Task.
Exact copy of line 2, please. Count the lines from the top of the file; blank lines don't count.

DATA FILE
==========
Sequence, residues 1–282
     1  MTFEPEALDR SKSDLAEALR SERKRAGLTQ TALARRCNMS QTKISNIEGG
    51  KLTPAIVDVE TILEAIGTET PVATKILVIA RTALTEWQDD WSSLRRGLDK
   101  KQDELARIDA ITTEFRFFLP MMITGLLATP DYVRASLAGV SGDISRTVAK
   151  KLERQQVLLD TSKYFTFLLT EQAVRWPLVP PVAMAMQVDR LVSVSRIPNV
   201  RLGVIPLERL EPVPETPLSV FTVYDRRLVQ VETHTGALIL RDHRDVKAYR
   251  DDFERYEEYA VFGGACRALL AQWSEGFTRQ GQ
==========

     1  MTFEPEALDR SKSDLAEALR SERKRAGLTQ TALARRCNMS QTKISNIEGG